Officials, who spoke to PREMIUM TIMES, said Mr. Attahiru’s name was only appended to the publication to give the process credibility as he too was not duly informed. The sources said Mr. Attahiru protested and later left that position.
PREMIUM TIMES could not confirm that claim. But what appears supportive of that explanation is a follow-up publication by the same ministry, early October, 2013 announcing the extension of the closing date for the job applications.
That new publication was signed by S. D. Tapgun, and no longer Mr. Attahiru.
But the letter from the Immigration boss, Mr. Parradang, sheds light into a process many Nigerians believe was hijacked and terribly mismanaged by a ministry perhaps driven by a desire for profit-making and possible self-enrichment by its officials.
Mr. Parradang said while federal law empowers the board, headed by the minister, to carry out recruitments, it also delegates that power to the Immigration Service, particularly for the enlistment of junior cadre workers.
“I therefore request to know if the powers delegated to the Service to conduct recruitment of junior cadre personnel into the service has been withdrawn,” Mr. Parradang wrote in his two-page complaint.
Under Section 4 of the Immigration and Prisons Services Board Act, 2004, the board is empowered to conduct recruitments and promotion of staff of the Immigration Service. Still, Section 6 of the law says the board “may, subject to such conditions as it may think fit, delegate any of its powers to the affected services”. Such delegation should not affect staff on grade level 8 and above, the law states.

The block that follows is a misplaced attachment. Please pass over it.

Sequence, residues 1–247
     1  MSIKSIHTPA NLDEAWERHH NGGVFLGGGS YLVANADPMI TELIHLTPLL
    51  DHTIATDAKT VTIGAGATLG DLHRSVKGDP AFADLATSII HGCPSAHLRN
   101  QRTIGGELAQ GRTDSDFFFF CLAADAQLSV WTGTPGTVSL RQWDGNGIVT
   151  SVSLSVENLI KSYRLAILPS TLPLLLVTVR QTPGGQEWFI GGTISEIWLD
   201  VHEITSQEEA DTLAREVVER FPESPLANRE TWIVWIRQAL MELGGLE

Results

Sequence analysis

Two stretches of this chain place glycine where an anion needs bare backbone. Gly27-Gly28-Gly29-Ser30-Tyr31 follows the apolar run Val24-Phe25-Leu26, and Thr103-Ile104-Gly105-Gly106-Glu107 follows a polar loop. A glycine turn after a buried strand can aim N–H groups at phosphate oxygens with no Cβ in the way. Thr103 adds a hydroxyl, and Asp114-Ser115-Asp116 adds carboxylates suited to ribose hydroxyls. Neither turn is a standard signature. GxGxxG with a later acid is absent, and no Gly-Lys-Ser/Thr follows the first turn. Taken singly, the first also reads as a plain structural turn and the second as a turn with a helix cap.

Regardless of that discretionary tone of the law, Mr. Parradang said the practice for years had been for Immigration to conduct the recruitment of the lower cadre, called category “B”.
“I feel NIS(Nigeria Immigration Service) should be taken along in this issue regarding staff recruitment into category “B” in particular, which is usually conducted and supervised by the service,” he said.
It is not clear what transpired after the protest, and what role Mr. Parradang w eventually played months after in the ill-fated exercise of last Saturday.
A spokesperson for the Immigration Service, Chukwuemeka Obuah, refused to comment for this story despite scheduling an appointment with this paper in his office. He did not honour the appointment and has failed to answer or return calls ever since.
The spokesperson for the minister, Mr. Moro, denied the head of Immigration was sidelined in the ill-fated recruitment.
“That is not possible,” said Ubong George. “There is no way the minister would sit down and take any decision on his own.”
Mr. George said any decision affecting the member services of the board is always discussed at a meeting and that all stakeholders are usually carried along.
“The minister maintains a very good relationship with the heads of all the services and there is always a meeting.”
Reminded that Mr. Parradang may have only been carried along- if he was indeed- possibly after his protest last year, Mr George said he could not recall any protest letter from the comptroller-general.